and Job won. Instead of only thinking about suffering
        as being “beaten up” by the forces of evil, suffering
        includes battles where we win! At the Second Coming
        of Jesus, we will ultimately win every suffering

    3. Let’s get back to 1 Peter 4:17. Peter does not say who is
      bringing judgment in 1 Peter 4:17, but the account of
      Job’s suffering points to Satan as the author of this
      “judgment.” Is our God also one who brings judgment on
      humans? (Read Genesis 18:25-26, Psalms 96:13, John 5:22-23
      and Acts 17:31. Jesus will be the ultimate Judge of all
      humanity. The story of the flood and of Sodom and Gomorrah
      show us that God also enters judgment against the wicked
      now, but I think (without a scientific basis to back me
      up) that Satan brings most of the bad things that happen
      to humanity.)

      1. Notice that I called what Satan does a “judgment.” Is
        that true? (It is much more accurate to call what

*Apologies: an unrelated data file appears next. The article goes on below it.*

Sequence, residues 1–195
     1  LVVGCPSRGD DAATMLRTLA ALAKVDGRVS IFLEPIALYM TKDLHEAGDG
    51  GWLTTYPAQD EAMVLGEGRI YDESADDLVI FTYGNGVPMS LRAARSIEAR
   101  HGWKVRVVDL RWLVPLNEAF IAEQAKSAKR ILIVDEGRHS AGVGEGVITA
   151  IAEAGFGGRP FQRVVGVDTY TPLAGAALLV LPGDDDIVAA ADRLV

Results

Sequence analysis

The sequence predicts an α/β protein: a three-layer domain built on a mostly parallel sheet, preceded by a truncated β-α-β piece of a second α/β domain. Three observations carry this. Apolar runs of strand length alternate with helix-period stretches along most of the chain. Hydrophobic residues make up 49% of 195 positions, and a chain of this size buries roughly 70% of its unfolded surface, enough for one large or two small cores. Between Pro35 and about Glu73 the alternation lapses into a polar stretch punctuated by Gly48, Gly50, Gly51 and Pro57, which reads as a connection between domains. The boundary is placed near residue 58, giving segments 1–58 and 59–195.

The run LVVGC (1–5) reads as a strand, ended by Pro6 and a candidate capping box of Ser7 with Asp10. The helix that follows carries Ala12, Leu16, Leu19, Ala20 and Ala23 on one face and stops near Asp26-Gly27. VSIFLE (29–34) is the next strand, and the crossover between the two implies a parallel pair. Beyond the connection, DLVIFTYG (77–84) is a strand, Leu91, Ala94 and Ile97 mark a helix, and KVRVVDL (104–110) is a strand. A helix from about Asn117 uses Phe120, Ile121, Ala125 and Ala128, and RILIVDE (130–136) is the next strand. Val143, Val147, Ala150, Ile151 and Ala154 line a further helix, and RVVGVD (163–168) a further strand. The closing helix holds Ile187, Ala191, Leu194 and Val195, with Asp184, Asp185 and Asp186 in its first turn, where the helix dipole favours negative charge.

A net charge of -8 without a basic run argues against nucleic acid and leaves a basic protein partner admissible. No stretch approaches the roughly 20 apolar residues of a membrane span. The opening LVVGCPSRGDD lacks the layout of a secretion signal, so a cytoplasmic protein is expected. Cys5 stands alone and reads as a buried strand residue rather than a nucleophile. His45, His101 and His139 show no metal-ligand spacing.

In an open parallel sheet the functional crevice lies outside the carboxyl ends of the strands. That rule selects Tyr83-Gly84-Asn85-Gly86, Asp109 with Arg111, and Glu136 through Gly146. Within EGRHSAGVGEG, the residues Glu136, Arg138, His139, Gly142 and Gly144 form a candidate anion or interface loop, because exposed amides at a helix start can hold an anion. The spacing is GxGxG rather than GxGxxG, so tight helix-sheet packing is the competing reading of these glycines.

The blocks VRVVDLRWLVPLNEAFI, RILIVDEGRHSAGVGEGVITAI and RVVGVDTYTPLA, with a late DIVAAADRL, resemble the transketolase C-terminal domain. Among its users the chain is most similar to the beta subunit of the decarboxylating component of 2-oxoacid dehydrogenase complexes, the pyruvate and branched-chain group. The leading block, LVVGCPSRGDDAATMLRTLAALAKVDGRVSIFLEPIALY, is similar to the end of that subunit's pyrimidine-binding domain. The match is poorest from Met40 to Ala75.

Satan brings “trials,” and what God brings as
        “judgment.” God is not bringing suffering to people,
        He is executing judgment – making a decision on their
        continued existence.)

    4. Read 1 Peter 4:19. I’ve been arguing that it is Satan that
      brings trials. This seems to say that it really God’s will
      (“according to God’s will”) that people suffer. How should
      we understand this text?

      1. Was there suffering in Eden? (Read Job 2:3. God tells
        Satan that there was no good reason to make Job
        suffer. God does not want us to suffer. When Peter
        says “according to God’s will” he means that God has
        power over everything. We can have confidence that
        God controls those bad things that come our way.)

      2. Notice that in 1 Peter 4:19 Peter calls God our
        “faithful Creator.” Why? (He is further bolstering
        the idea that God is faithful to us, even when we
        suffer. God created us and He loves us!)

    5. Friend, if you are suffering today, take a good look at
      why you are suffering. If it is because of your
      righteousness, then praise God and accept it with joy
      because you are suffering like your Lord. If you are
      suffering because of bad decisions, then ask God to help
      you know what to do to minimize the damage and maximize
      your witness for God. If you cannot determine the reason
      for your suffering, then the story of Job teaches us to
      simply trust God. Whatever the reason for your suffering,
      if you remain faithful to God, He will take it all away
      when He comes again!

  4. Next week: Servant Leadership.